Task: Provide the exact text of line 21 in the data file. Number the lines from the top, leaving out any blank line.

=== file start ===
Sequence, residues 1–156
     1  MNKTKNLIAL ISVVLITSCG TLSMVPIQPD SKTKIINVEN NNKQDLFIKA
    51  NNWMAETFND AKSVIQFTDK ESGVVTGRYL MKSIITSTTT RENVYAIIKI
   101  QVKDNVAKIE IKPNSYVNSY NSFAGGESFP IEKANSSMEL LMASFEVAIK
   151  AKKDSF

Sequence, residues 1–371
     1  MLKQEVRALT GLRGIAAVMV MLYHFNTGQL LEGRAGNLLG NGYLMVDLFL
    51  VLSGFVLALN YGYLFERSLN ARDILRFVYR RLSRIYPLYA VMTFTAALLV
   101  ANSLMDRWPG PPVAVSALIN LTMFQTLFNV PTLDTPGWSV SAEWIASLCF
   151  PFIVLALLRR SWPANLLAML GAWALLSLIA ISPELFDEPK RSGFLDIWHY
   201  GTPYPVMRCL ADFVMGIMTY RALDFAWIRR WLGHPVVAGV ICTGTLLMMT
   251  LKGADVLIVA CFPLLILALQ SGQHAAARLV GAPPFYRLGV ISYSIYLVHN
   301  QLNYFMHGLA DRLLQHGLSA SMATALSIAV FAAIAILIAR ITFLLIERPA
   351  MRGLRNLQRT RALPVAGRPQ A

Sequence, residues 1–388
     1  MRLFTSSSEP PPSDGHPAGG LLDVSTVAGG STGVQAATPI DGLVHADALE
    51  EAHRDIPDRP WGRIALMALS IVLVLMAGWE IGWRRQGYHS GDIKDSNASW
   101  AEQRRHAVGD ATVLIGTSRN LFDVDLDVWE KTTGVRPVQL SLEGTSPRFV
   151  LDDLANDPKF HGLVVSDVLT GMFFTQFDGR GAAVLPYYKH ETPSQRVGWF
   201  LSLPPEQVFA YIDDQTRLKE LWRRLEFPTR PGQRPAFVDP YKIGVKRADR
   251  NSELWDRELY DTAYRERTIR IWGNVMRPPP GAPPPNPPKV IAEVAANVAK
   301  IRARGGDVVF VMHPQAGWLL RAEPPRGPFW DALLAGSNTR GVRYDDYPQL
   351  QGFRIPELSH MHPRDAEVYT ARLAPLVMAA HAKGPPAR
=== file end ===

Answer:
   251  NSELWDRELY DTAYRERTIR IWGNVMRPPP GAPPPNPPKV IAEVAANVAK